• Unix Commands  Commands all have the same structure  Case-sensitive! (cd <> CD, unlike in MS-DOS)  The number of commands kept small but each command is extended through options/switches (preceded by ‘-’)8
    • Unix Commands  Example – Basic directory command: ls (lists all contents of a directory) – Extended command: ls -l (lists contents plus other file information)9
    • The Unix File System  Features of the Unix File System – Hierarchical structure (similar to MS-DOS) – Files are expandable (may grow are required) – Security rights associated w/ each file/ directory  Incorporates three-tiered structure on file access  9 bits (User-Group-Others, rwxrwxrwx)  Access types (r - Read, w - Write, x - Execute, ‘-’ means no access) -rwx---r-x 1 aam faculty 37 May 06 7:35 test – Files may be shared (concurrent access)10
    • The Unix File System  Features of Unix File System (continued) – Various information kept for each file (i.e. name, location, size, owner, security, modified by, last access by, date & time stamp, etc.) – File links - mechanism that allows multiple file names to refer to the same data on the storage device11
    • The Unix File System  Most often used file system commands: – pwd (present working directory) – cd (change directory) – mkdir (create directory) – rmdir (remove directory) – ls (list directory contents) – cat (concatenate files) / more (pauses after screen is full) – cp (copy file)12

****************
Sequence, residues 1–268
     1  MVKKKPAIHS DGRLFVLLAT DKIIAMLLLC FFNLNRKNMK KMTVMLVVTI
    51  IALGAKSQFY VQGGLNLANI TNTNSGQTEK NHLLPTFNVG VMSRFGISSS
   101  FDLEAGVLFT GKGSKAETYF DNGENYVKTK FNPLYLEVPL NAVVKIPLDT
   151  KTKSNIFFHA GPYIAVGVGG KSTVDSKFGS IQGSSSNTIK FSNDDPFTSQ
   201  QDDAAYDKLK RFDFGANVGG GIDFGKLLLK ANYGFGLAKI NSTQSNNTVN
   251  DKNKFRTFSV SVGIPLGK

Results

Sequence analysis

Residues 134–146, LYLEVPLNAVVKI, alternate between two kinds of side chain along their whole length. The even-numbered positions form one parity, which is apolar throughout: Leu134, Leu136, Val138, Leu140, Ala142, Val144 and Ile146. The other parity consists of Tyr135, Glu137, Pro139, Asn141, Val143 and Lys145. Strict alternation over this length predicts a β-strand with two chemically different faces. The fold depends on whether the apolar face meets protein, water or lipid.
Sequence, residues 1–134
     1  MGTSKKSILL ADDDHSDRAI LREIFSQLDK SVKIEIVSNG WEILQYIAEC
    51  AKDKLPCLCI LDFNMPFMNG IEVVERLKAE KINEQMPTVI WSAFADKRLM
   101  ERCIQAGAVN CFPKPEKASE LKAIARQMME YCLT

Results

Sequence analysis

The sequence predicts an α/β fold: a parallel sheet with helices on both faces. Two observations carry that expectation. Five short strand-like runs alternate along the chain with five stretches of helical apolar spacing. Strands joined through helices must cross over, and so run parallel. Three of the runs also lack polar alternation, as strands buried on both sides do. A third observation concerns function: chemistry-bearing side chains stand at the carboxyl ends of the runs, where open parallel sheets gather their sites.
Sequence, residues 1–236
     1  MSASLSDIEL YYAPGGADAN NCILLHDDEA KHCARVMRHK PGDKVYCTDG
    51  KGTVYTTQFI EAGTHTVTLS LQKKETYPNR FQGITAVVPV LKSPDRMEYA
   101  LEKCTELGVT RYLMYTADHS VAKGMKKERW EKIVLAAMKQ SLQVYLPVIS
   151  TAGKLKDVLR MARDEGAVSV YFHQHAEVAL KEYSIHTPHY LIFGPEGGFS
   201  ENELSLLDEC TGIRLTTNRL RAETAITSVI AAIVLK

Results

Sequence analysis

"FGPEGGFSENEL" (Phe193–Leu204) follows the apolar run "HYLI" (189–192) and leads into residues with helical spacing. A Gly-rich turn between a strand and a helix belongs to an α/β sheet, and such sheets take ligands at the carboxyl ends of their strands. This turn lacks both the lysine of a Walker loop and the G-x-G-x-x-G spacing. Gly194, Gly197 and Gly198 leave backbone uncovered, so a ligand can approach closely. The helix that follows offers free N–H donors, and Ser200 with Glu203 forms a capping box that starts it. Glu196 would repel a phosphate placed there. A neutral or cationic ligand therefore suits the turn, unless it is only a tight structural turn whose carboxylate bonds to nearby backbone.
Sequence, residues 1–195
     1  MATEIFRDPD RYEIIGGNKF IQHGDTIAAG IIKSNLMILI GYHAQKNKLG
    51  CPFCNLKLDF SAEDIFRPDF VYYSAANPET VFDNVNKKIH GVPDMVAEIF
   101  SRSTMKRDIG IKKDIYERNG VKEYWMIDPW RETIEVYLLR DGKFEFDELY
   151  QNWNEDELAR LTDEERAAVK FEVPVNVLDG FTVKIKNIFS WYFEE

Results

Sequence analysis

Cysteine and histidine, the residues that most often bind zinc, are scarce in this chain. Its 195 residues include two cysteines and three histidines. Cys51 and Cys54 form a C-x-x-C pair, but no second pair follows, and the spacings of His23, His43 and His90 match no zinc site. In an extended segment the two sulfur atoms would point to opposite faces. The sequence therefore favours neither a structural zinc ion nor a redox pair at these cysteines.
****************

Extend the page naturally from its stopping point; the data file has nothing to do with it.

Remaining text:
• The Unix File System  Most often used file system commands: – vi (edit a file) – mv (move a file) – rm (remove file) – ln (create link) – chmod (change file access mode) – chown (change file owner -> can be done only by “root”/file owner – cmp / diff (compare 2 files)13
    • Shell Basics  Shell variables – Similar to environment variables in MS-DOS – Syntax: varname=value – Preceded by $ when printing value (e.g. echo $x, where x is a variable) – Special variable PS1 Variable that contains string for command line prompt May be replaced14
    • Shell Basics  Input/Output commands – read - get input from keyboard and assign it to a variable – echo - send stream of characters to screen – pr - send output to printer15